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C U Soon' Review: Fahadh Faasil And Roshan Mathew Star In A Nail-Biting  Thriller | HuffPost India Entertainment

Over The Top (OTT), like we have found out, is fast living up to its name. Few ageing Bollywood suspects are merrily bypassing cable, broadcast, and satellite television to spin a royal digital mess. Already, the Velvety Kashyaps have 'choked' us, certain Mishra-men have made a mockery of 'serious' issues, and the Gangajal Jhas have staged a clumsy detour of 'ashrams'. The last mentioned, to its credit, is reasonably entertaining, what if laughable in most parts. Cooking a greasy meal of pet ingredients - rampant sex acts, profane language, and cloddish conclusions - these self-proclaimed connoisseurs and custodians of avant-garde cinema are celebrating a second life, ripe with blooming stupidity amid looming senility.

Thanks only to the democratic values of the OTT streaming, we occasionally come across a 'Paatal Lok' or even better, the Fahadh Faasil-produced and Mahesh Narayanan-directed Malayalam flick 'C U Soon'. 

One of the few products to showcase a credible digital universe, this end to end 'screen' saga owes it all to the wonderful acting of the lead and support players. Faasil is of course the leader of the pack: a quintessential back-end wizard of cent percent Mallu make, snooping out of the way for his cousin's benefit, a Middle East banking executive wooing a seemingly middle class native 'found' on Tinder. Following Faasil's clean chit based on a remote diagnostic check of the lady's digital footprints, the love story looks to move ahead, but just when it appears to bloom, a series of abrupt happenings spell doom and turn the hero's life upside down. You can virtually read the whole film from Faasil's outwardly impassive but unmistakably expressive face, every now and then creased by the highs and lows of his wayward and whimsical life.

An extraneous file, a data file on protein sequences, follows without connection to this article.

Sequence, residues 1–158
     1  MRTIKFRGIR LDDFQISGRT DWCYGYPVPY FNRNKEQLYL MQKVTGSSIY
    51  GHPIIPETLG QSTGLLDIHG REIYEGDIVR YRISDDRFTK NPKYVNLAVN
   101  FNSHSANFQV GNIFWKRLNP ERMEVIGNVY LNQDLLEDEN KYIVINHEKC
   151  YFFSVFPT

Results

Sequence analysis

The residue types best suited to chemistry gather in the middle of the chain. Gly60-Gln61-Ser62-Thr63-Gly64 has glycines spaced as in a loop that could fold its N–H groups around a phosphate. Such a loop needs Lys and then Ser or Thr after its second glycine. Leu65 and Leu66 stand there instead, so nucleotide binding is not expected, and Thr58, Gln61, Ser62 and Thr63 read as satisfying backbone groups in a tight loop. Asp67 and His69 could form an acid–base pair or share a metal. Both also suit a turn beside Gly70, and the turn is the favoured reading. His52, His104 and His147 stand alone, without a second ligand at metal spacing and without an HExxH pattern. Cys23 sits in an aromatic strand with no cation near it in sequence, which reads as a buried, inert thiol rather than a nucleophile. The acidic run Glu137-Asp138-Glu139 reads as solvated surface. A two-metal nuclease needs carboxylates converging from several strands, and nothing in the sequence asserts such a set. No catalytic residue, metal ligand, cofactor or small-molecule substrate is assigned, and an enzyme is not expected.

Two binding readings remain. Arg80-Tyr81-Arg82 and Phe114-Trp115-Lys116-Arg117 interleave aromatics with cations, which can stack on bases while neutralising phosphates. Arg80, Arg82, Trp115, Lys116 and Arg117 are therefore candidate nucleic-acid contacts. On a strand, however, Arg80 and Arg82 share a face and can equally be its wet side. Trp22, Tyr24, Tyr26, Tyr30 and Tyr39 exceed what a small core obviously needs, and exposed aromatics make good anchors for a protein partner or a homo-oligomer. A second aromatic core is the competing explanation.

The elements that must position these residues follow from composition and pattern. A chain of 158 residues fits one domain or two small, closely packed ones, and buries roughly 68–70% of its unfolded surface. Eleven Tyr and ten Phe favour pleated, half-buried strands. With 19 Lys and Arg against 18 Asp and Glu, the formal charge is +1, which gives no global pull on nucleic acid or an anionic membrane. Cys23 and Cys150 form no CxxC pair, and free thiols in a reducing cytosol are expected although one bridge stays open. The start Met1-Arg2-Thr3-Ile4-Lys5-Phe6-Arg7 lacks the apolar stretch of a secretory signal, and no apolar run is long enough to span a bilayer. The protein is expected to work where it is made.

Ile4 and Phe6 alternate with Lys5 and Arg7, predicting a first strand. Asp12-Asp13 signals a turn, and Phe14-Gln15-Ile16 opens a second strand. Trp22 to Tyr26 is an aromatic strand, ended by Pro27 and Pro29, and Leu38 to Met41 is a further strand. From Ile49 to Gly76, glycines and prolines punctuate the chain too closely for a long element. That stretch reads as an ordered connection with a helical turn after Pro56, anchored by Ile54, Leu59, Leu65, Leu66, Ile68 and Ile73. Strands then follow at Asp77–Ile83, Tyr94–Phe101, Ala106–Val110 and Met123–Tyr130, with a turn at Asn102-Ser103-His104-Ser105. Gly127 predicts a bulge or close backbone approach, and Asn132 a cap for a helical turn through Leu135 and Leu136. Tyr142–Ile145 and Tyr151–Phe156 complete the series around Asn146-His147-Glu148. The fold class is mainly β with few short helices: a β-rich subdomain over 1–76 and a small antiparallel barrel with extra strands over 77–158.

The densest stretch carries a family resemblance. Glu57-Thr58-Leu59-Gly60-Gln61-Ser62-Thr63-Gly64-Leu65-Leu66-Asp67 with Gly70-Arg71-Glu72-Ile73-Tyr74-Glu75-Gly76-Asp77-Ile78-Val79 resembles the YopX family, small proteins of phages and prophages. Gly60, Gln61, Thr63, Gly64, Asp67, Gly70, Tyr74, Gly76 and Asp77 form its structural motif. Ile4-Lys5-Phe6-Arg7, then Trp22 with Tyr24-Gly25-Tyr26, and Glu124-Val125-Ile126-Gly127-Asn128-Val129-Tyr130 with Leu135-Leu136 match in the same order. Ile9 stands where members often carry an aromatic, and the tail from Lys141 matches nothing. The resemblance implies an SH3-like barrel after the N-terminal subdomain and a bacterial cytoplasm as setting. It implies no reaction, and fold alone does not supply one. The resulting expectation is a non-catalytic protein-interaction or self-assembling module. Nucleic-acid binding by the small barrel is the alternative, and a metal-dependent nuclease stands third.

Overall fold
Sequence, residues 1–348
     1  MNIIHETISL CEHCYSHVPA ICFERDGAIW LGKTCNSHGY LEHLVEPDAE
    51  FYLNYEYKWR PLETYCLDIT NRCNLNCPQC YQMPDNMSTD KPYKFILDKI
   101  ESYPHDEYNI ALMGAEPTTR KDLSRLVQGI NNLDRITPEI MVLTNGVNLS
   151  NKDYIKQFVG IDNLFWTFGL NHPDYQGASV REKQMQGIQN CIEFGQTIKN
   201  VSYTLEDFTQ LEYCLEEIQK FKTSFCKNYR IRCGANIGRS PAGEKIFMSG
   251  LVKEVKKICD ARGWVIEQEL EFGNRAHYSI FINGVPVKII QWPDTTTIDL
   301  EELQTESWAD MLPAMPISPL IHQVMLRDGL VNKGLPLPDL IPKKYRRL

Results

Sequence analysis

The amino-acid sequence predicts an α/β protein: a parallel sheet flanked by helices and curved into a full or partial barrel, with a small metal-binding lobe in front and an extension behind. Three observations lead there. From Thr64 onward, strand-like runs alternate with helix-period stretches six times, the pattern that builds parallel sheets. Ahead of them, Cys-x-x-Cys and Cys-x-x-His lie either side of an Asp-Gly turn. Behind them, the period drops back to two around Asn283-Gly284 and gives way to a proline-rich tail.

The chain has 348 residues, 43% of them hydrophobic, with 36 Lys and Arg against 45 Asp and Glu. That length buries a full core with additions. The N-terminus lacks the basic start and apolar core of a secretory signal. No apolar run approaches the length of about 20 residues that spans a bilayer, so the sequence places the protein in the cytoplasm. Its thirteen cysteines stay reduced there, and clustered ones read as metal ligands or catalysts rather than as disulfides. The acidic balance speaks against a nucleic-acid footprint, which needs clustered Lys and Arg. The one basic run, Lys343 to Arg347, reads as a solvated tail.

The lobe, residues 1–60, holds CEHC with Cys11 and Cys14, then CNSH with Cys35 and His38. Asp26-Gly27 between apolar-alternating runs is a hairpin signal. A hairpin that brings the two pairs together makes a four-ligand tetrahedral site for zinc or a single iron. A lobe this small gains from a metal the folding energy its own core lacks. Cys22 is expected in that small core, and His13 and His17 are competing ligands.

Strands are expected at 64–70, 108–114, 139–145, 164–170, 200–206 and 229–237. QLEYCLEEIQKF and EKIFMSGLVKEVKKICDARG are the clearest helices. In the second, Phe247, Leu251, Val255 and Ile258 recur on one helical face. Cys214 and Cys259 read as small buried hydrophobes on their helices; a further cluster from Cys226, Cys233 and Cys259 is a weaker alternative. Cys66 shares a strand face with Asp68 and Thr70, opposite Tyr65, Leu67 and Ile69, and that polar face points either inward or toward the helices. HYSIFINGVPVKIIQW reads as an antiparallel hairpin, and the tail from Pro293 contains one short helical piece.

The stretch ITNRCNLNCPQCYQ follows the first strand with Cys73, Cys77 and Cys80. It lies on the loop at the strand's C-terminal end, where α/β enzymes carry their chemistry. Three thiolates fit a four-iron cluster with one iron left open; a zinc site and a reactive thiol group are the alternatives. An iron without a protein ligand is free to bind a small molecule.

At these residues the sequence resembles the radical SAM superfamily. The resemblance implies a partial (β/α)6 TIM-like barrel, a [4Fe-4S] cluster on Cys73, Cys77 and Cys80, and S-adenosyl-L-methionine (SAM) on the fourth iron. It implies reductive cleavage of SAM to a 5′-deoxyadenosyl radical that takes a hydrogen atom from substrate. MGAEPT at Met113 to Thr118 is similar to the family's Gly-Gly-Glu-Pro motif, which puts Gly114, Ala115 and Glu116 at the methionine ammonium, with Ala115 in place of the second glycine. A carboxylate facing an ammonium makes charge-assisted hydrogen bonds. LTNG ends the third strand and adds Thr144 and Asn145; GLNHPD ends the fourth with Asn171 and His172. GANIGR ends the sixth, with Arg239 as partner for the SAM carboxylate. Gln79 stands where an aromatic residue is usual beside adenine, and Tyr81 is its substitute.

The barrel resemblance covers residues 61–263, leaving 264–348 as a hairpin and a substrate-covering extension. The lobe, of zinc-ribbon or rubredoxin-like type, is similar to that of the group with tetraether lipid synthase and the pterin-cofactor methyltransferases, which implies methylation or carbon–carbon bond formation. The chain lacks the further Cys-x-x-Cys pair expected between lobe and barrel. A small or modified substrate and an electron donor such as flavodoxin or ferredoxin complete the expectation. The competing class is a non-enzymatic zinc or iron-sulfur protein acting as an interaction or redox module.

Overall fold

The story takes bizarre turns - one after another -  which manage to cut across the inevitable predictability in a masterful manner. The discerning audience will have a fair idea of the impending twists, yet the shock value of the voyage is masterfully retained, and left charmingly suggestive at the very end. And don't miss the redolent truths of trivial scenes - a house help making Faasil's wallet lighter by few bills in the course of a cleaning chore. Awesome!

The camera brilliantly underlines the brevity and spontaneity of on the spur social networking conversations, and the director has no qualms establishing the premise in a laid back, indulgent fashion, for it is critical to the events that follow in quick succession, shown largely as indoor happenings and online chats across the globe.    

Faasil, C U SOON!